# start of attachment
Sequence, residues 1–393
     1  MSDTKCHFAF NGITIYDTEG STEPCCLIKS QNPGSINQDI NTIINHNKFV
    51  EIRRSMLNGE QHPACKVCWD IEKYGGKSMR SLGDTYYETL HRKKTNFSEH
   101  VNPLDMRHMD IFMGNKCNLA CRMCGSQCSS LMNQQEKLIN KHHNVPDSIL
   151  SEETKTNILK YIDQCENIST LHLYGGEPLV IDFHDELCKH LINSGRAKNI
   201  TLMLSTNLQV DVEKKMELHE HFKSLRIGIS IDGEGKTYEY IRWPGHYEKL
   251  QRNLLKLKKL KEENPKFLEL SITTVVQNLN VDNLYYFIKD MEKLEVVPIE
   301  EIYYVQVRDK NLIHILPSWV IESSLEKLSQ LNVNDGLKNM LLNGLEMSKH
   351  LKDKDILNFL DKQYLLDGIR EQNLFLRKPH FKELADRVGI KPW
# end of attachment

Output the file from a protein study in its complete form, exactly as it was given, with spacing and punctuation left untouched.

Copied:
Sequence, residues 1–393
     1  MSDTKCHFAF NGITIYDTEG STEPCCLIKS QNPGSINQDI NTIINHNKFV
    51  EIRRSMLNGE QHPACKVCWD IEKYGGKSMR SLGDTYYETL HRKKTNFSEH
   101  VNPLDMRHMD IFMGNKCNLA CRMCGSQCSS LMNQQEKLIN KHHNVPDSIL
   151  SEETKTNILK YIDQCENIST LHLYGGEPLV IDFHDELCKH LINSGRAKNI
   201  TLMLSTNLQV DVEKKMELHE HFKSLRIGIS IDGEGKTYEY IRWPGHYEKL
   251  QRNLLKLKKL KEENPKFLEL SITTVVQNLN VDNLYYFIKD MEKLEVVPIE
   301  EIYYVQVRDK NLIHILPSWV IESSLEKLSQ LNVNDGLKNM LLNGLEMSKH
   351  LKDKDILNFL DKQYLLDGIR EQNLFLRKPH FKELADRVGI KPW